My parents are not doctors, and there were no doctors in my family, so it was very difficult to find those resources to find the right support to navigating medical school applications. I literarily had no one to guide me or tell me what direction is better.
That’s definitely not an easy one
One of my biggest failures was the first time I applied to medical colleges. It was a hard thing to be rejected by 15 different medical schools.
Eventually, these experiences encouraged me to work harder and not wallow in self-pity. I had to figure out a plan B and Plan C if needed.
Hmmm…It’s interesting how failure motivates us to achieve our goals
It definitely inspired me to work harder towards my goal. So I applied again in the next application season and I’ve had my highlights. The highlight was my successful application session, I was able to interview at 5 schools. I got admission to 2 out of the 5 within the first month of the application season. This also came with acceptance letters and scholarships.
That’s incredible, Congratulations! Any lessons you’d like to share from your experience
I am grateful for the difficulties because it helped me appreciate the success more.
I have learned that no matter the situation, there is always a way to keep going and persevere.
It also taught me to be proactive, I can now avoid some of the behaviours and mistakes that I may have made when I was first starting out as an undergrad. I mean some of the studying mistakes and habits. Now, I am not only a better student but also a better person.
Awesome! So what’s your favourite quote?
“you got this”.
This, to me, means that you can do this, you are capable of doing this. If anyone else has ever done it, then you can. I know that anything can be achieved with an actionable plan.
Yes, you can!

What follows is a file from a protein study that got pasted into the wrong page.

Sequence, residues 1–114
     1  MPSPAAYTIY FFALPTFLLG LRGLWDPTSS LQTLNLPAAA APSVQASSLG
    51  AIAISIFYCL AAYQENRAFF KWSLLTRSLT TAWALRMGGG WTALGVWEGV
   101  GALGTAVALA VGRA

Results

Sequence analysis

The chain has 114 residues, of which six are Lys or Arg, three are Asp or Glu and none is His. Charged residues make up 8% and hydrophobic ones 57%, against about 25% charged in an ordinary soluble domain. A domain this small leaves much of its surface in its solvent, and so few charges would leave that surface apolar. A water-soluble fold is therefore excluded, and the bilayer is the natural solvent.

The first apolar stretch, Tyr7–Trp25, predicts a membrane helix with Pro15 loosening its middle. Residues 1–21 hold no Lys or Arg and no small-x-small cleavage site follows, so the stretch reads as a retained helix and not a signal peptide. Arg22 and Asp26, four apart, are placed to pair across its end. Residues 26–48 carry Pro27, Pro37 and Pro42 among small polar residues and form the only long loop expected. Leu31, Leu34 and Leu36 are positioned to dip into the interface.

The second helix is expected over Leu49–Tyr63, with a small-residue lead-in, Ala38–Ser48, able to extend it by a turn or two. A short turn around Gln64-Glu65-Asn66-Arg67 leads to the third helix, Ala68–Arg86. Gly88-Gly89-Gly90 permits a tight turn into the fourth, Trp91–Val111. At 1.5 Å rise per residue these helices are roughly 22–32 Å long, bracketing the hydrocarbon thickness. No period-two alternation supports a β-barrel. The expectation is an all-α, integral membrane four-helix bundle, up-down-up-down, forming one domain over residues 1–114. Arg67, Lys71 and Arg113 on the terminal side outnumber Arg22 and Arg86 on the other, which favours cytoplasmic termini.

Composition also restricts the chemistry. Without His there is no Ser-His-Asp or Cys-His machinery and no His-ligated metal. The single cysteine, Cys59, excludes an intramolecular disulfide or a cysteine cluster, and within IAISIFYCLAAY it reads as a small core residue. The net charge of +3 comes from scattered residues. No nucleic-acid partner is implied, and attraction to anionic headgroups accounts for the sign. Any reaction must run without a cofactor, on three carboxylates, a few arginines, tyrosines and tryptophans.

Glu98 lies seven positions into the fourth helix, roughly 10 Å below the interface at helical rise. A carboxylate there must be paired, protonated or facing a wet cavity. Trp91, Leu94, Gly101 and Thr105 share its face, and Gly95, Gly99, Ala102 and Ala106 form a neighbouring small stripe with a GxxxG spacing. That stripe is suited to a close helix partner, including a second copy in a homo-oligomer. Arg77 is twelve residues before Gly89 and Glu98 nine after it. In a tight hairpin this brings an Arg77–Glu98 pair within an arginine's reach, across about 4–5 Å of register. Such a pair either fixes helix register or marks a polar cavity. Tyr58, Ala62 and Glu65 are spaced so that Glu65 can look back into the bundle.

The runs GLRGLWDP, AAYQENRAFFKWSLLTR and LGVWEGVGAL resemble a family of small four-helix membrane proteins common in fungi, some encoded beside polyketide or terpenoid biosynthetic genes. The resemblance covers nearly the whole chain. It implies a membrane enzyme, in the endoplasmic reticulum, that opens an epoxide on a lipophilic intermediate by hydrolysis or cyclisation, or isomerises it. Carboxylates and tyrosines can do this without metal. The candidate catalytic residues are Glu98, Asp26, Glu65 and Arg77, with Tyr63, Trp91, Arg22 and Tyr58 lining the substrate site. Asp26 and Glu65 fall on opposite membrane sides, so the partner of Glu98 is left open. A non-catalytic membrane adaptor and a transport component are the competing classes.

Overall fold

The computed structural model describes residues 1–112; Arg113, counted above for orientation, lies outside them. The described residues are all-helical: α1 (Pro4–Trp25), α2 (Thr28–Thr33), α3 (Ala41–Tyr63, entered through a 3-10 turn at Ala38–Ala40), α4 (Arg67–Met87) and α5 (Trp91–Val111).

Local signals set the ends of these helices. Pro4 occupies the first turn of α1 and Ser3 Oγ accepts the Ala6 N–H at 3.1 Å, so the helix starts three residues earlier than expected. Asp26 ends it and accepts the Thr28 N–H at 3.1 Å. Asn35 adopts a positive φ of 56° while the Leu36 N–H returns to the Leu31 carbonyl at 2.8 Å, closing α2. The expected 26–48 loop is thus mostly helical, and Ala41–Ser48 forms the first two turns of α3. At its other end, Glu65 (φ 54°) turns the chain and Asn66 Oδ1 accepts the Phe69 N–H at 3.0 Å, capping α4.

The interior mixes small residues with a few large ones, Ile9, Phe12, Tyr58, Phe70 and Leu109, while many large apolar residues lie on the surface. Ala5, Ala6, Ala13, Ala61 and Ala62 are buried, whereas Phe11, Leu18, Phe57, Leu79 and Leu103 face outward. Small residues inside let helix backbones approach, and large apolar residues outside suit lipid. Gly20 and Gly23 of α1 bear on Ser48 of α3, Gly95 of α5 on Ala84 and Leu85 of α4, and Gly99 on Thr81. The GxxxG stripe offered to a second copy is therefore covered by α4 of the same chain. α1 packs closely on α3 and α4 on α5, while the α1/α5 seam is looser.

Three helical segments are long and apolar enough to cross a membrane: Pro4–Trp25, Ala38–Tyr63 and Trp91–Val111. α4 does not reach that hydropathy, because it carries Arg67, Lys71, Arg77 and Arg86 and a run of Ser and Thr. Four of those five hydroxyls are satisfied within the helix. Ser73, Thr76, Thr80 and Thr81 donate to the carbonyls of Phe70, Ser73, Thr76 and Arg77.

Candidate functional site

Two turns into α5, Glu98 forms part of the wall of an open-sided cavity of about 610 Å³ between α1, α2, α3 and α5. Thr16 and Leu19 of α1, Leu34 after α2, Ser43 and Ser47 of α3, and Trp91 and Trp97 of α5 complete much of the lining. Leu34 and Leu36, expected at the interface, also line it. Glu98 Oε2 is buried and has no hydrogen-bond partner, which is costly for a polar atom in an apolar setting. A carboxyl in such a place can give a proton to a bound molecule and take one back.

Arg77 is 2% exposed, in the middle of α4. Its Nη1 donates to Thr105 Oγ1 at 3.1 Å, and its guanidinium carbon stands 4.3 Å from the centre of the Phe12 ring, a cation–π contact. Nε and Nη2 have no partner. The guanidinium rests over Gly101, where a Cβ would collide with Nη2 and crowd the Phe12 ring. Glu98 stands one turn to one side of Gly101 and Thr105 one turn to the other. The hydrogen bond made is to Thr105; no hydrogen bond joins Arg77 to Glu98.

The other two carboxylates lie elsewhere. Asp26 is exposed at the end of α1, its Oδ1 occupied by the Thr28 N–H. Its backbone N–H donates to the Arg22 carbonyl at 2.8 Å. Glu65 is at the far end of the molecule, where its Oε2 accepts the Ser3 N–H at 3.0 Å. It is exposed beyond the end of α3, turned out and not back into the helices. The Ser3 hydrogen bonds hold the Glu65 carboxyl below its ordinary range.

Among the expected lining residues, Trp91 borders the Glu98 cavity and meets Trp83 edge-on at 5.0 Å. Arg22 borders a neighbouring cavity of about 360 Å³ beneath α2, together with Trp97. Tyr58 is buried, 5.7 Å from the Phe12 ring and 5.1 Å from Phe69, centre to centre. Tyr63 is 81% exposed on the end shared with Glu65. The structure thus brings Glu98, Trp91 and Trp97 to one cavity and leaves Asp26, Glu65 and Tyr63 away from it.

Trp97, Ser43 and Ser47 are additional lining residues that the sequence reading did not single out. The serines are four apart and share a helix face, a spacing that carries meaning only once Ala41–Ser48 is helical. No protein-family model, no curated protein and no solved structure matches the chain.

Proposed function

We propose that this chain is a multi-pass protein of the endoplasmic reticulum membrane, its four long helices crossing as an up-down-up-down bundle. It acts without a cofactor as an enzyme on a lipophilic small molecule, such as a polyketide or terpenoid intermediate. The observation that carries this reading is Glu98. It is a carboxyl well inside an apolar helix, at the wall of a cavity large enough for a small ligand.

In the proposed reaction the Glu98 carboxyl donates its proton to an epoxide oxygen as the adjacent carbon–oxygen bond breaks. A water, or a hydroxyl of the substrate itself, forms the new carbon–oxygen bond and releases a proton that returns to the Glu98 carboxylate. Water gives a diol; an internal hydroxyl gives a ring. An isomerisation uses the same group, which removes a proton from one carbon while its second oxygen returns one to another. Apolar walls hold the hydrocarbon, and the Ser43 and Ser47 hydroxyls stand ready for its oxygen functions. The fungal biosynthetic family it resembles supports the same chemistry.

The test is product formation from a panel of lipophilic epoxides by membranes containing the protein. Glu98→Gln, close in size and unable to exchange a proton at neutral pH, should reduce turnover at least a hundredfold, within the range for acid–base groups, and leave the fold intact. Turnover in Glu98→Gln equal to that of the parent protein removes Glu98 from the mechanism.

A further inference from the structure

Let’s talk about life in Medical school, is it like what you expected?
Life in medical school has been great, things have changed with the current pandemic. I was able to develop a rhythm that works for me. I have had to take control of my schedule and adapt to the environment.
Basically I am working to ensure that I’m getting the most out of my medical education even with the global pandemic.
Medical school so far is what I have imagined. I was gaining clinical experience by working with patients four hours a week and meeting with the patients myself and interviewing them and performing physical exams.
Being able to do all of those things will strengthen the type of physician that I’d be when I graduate so I am grateful for the experiences so far and being able to go into the lab and learn about anatomy.
Your love for anatomy though…Lol
Thank you for sharing your story with us Sotonye, We hope you wax stronger in your journey as a medical doctor and also inspire many young African women out there.
CAWSTEM is a community of African women in STEM. We are a female-led crew, on a mission to rewrite the narrative about having few women in STEM and, especially in leadership positions. We share interesting insights, news, and resources to empower women in their STEM careers. You can join the community here
Every Tuesday, we publish stories here about African women’s journey in STEM. We know every STEM woman’s story is unique…so we tell these stories to inspire our community. If you would like to share your story with us, send an email to email@example.com, we can’t wait to read from you!